We examined the interaction between the LD cycle and activity rhythms after the phase shift to determine whether the pattern of light exposure was contributing to the maintenance of the free runs. Siberian hamsters that failed to reentrain generally free ran with τs that ranged from 25.0 to 25.5 h and αs close to 7.5 h (23,25). This combination of τ and α, in the presence of an 8-h dark phase, means that these animals were exposed to light during part of their subjective night on nearly every day of their free run. This pattern of light exposure is important because, in Siberian hamsters, light exposure that is limited to subjective night increases τ to values that are similar to those observed in our previous studies of unentrained animals (14) and may have additional effects on entrainment. Therefore, it is possible that disruptions in entrainment were initiated by the phase shift and sustained by the animal's interaction with the photocycle. Hamsters in theDD0 group, for example, were not exposed to light after the phase shift and readily reentrained.
The individual differences that could account for variability in response to DD among the DD5 and DD14 groups remain unclear to us but may be related to the general phenomenon of “photoresponsiveness” of photoperiodic animals. Within populations of photoperiodic species, there are often subsets of animals that fail to respond to the decreases in daylength that signal approach of winter (i.e., nonresponders). Siberian hamster nonresponders generally have longer τs, shorter αs, and lower PRC amplitudes in short daylengths than do responders (20). The animals in this study that failed to reentrain had τs and αs in DD that were similar to those of nonresponders, whereas animals that reentrained were more similar to responders. Our colony of hamsters was derived from breeding stock in which approximately one-half of the animals were photoperiodic nonresponders (16, 17). This is intriguing because one-half of the DD5 and DD14 animals maintained short αs and long τs in DD as one would expect for photoperiodic nonresponders and suggests that our entrainment phenomena are related to photoperiodic responsiveness. Although it is possible that these photoperiodic phenotypes may underlie circadian changes observed in DD, it does not explain why 90% of the entire colony failed to reentrain to a 5-h phase shift of the LD cycle (25). In that situation, photoperiodic responsiveness does not appear to differentiate “reentrainers” from “nonreentrainers.” There is an additional important difference between the animals that failed to reentrain in this study and photoperiodic nonresponders. α of Siberian hamsters that are nonresponders in short daylengths increases consistently by several hours when hamsters are housed in DD (15); these animals subsequently undergo gonadal regression (15). If our nonentrainers were also nonresponders, α would have increased in DD, but it did not. Thus, the available evidence does not provide a decisive link between photoperiodic and entrainment phenotypes. Nevertheless, we are currently breeding populations of photoperiodic responders and nonresponders to directly investigate the relationships among these phenotypes.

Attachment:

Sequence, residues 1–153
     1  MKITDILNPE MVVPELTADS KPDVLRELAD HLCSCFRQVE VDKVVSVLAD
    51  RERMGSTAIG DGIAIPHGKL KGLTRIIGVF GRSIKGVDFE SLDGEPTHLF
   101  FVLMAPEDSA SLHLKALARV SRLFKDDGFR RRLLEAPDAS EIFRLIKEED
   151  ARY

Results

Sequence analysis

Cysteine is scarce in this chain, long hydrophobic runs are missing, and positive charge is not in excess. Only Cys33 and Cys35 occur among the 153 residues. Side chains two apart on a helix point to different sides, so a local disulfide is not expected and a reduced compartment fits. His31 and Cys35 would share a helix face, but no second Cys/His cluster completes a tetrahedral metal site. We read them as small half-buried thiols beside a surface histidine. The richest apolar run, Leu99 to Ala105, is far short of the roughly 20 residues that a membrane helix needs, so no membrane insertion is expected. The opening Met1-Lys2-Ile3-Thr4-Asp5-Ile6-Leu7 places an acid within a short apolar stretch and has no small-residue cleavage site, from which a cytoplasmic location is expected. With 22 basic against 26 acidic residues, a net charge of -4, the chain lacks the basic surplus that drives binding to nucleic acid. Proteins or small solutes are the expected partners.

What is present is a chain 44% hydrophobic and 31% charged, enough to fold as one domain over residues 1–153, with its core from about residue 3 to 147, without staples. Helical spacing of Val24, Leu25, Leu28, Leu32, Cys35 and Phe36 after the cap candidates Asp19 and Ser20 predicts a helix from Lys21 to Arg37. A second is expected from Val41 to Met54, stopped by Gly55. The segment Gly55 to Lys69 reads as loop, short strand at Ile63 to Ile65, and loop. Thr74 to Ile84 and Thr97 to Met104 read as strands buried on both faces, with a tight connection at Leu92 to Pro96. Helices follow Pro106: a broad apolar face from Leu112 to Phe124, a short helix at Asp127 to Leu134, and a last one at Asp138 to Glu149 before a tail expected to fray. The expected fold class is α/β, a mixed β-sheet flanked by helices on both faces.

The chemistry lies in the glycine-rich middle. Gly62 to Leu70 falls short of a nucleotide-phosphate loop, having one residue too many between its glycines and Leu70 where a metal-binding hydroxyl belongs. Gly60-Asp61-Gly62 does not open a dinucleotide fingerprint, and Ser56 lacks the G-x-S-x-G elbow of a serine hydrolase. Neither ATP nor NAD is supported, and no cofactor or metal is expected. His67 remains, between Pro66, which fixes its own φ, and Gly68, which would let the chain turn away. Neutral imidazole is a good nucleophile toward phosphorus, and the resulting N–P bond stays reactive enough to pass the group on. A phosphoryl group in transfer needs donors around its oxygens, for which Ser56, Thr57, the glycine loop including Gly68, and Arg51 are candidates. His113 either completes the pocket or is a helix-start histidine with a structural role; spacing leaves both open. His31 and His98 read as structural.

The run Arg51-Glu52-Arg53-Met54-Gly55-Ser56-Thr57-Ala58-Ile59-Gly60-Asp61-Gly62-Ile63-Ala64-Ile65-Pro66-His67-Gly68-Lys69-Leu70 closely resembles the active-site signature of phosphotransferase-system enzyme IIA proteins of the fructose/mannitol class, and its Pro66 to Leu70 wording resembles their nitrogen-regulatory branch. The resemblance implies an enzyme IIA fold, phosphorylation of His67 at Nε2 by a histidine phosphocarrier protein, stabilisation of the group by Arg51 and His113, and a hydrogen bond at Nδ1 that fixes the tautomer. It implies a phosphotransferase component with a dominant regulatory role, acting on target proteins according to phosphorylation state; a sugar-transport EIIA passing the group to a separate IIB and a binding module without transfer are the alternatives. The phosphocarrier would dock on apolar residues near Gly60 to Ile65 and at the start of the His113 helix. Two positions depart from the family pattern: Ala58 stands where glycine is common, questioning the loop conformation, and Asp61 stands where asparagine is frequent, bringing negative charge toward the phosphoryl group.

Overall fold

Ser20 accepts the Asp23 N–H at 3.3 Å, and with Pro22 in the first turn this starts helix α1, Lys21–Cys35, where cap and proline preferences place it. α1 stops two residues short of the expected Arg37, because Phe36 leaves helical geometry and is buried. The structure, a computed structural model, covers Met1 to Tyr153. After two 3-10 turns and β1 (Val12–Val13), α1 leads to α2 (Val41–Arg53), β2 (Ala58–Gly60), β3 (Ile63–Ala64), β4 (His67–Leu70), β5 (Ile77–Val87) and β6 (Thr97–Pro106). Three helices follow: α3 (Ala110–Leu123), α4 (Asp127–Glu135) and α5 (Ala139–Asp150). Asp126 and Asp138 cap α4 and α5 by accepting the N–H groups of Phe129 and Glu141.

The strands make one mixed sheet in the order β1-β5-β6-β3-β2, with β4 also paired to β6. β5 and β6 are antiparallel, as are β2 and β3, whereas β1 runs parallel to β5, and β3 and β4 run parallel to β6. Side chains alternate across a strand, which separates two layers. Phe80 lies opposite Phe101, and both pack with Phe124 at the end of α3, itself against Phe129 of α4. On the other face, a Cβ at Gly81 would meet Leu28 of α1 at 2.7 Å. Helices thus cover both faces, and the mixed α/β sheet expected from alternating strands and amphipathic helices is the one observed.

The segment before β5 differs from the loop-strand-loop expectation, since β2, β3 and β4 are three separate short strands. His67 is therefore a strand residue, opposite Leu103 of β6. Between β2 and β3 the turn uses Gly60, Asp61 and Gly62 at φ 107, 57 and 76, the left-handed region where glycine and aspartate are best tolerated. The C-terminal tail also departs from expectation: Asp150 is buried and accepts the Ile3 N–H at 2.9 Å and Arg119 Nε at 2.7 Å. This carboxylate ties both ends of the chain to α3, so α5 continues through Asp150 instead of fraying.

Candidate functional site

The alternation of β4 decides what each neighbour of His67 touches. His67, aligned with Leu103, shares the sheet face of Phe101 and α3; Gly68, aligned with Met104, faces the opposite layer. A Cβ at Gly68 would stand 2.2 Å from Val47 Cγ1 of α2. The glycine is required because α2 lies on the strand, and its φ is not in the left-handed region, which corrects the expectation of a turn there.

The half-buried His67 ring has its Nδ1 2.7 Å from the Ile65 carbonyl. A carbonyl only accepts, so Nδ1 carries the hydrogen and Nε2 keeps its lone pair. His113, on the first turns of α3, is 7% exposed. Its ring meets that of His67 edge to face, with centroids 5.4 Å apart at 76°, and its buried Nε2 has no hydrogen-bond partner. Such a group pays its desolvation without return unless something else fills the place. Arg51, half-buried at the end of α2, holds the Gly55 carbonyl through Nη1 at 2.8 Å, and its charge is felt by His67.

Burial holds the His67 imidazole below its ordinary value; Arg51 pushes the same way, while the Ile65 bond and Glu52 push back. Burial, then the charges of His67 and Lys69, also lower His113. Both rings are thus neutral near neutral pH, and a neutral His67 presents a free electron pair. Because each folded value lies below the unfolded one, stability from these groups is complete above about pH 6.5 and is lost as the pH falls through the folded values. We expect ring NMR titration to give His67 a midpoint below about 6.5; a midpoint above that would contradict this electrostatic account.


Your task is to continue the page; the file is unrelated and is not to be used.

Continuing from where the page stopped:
The authors thank P. Franken and J. Larkin for comments on an earlier version of this manuscript and J. Panta for animal care.
This work was supported by National Institutes of Health Grant MH-60385.
Address for reprint requests and other correspondence: N. F. Ruby, Dept. of Biological Sciences, 371 Serra Mall, Stanford Univ., Stanford, CA 94305-5020 (E-mail:).
The costs of publication of this article were defrayed in part by the payment of page charges. The article must therefore be hereby marked “advertisement” in accordance with 18 U.S.C. Section 1734 solely to indicate this fact.
First published August 22, 2002;10.1152/ajpregu.00362.2002
- Copyright © 2002 the American Physiological Society